02-22-2008, 01:25 PM   #8
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Original Poster
Thanks all for your posts.
I'm fully reassured; my camera works great, and the described moving part in there is not an assembly error; the sensor moving around explains the soft "plop"s when rotating the camera; it apparently happens in more or less all kind of settings and situations, even if the chip "should be hold in place", but no problem as usually I will not move the camera around while exposing

Concerning the origin of the "low-pitched whistling noise", I've just made a test : in my case it can also happen (depending on the orientation in which you hold the camera) if SR is turned off.
If this noise is really related to SR, then this could be plausible, as even if SR is turned off the electromagnetic SR-device probably nevertheless holds the CCD in place. That might also be the reason why it is written somewhere in the manual that turning SR off does not save power (if I remember well).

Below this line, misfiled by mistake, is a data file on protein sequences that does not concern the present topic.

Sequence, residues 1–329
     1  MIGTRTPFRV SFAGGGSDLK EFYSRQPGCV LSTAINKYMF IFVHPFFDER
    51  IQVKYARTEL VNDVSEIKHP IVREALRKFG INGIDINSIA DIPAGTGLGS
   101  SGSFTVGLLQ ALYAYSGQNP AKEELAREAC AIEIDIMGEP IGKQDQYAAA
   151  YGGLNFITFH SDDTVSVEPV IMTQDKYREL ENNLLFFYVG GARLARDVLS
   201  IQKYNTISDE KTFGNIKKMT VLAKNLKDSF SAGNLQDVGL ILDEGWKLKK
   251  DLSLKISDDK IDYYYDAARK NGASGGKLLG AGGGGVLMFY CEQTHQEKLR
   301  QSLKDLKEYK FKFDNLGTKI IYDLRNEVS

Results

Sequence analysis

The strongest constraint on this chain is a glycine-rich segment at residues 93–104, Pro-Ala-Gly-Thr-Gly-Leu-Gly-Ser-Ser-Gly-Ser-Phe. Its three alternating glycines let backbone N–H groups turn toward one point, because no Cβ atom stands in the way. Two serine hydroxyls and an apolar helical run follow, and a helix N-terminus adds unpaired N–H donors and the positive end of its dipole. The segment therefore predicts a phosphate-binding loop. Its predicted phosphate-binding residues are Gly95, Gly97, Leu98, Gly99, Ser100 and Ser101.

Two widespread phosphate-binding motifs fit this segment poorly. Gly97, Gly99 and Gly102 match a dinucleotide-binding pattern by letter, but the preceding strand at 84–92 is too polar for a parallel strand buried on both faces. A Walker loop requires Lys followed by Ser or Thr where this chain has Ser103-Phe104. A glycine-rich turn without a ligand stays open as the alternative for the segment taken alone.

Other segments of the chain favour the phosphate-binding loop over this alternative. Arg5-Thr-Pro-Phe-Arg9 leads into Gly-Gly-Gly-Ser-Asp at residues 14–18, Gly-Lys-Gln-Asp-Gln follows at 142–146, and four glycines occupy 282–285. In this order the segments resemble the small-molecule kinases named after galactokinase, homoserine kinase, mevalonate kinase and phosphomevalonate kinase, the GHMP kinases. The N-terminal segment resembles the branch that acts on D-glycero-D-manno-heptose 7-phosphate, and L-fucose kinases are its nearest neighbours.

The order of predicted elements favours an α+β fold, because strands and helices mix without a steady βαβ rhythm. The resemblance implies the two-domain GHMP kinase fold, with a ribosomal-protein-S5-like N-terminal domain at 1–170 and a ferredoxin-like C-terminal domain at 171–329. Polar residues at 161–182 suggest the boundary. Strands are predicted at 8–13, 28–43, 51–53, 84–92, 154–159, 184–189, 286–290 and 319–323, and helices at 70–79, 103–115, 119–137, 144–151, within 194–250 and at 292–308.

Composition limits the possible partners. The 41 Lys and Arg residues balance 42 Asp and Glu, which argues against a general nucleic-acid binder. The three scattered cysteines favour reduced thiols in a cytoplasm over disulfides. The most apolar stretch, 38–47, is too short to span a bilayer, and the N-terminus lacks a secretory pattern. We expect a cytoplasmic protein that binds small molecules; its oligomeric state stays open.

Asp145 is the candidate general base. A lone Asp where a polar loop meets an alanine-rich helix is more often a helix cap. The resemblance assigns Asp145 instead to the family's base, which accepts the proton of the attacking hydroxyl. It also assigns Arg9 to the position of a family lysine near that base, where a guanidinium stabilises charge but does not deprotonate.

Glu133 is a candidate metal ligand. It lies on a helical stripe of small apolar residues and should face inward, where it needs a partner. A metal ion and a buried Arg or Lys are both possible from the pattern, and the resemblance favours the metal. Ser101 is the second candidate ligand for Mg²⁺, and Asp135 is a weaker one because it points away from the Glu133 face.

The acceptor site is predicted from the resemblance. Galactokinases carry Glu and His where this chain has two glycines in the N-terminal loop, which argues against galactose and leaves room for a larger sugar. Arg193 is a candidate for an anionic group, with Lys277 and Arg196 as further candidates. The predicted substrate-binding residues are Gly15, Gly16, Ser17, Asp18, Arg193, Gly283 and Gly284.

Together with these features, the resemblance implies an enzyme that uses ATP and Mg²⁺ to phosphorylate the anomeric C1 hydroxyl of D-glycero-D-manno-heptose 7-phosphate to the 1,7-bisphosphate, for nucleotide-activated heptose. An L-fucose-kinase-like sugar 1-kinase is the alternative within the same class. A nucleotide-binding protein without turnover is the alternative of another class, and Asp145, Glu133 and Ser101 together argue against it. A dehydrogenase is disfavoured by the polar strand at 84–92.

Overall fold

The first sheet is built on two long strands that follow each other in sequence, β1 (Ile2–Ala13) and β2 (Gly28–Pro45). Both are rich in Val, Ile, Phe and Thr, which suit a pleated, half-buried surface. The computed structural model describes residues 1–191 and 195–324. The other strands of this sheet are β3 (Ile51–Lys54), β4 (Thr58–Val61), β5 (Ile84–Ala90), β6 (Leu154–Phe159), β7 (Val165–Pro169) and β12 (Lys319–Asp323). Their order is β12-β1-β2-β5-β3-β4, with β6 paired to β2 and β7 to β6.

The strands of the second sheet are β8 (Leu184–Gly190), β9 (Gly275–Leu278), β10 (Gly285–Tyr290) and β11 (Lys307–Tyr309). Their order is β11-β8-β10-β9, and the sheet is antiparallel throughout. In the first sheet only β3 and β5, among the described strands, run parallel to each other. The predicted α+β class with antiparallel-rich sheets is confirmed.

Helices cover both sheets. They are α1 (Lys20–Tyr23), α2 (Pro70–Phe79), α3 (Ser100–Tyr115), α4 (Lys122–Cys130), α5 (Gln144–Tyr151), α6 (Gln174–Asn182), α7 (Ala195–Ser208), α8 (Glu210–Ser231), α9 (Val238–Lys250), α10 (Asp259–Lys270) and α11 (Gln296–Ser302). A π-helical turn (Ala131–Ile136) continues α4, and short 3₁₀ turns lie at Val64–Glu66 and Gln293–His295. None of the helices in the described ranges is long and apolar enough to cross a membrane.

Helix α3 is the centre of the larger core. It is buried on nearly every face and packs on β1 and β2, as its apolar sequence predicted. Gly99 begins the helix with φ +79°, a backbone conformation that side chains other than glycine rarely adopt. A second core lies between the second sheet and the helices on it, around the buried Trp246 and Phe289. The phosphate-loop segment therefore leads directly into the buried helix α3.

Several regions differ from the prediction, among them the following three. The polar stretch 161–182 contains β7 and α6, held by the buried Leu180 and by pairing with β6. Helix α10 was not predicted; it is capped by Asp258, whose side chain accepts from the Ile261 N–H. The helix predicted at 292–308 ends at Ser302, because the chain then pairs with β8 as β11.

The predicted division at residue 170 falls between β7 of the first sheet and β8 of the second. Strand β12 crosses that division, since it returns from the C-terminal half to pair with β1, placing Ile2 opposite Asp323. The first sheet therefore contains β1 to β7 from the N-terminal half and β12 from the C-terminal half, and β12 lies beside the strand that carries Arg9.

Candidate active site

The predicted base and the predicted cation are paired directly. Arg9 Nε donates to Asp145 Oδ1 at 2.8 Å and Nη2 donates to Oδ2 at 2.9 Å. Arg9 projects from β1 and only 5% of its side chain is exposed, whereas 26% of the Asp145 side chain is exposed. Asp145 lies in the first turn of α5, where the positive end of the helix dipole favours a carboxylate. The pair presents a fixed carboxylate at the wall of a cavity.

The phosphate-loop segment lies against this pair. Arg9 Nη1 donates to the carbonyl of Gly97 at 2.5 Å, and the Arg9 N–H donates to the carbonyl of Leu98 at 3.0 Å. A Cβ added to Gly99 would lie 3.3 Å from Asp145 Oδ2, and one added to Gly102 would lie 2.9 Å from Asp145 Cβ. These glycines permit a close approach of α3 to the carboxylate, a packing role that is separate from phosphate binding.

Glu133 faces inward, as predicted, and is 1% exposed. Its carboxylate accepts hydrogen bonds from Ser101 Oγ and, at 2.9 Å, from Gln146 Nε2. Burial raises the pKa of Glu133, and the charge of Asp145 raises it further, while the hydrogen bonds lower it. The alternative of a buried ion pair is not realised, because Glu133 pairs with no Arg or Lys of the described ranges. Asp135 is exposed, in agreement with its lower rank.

02-22-2008, 01:30 PM   #9
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QuoteOriginally posted by ChrisA Quote
No, you can hear it move because it is _not_ held in place.


I would be surprised if you can hear anything after the mirror has popped back down. I certainly can't.


No, it is on and active during an exposure as well.

Otherwise, it would be a bit pointless, wouldn't it?

It is held in place, and does not move, during an exposure for which SR is off.

If you think my description above is incorrect, why don't you have a look for yourself? I would certainly be interested in any confirmation or otherwise, that my camera is behaving normally.

No arguments, I left a few words out. Obviously if it is held in place with electromagnets, it is not held when the camera is off. When SR is off the electrromagnets hold it in one spot.

As for during focusing / metering, what I meant was any time the shutter is pressed half way or more. clearly it is working also during exposure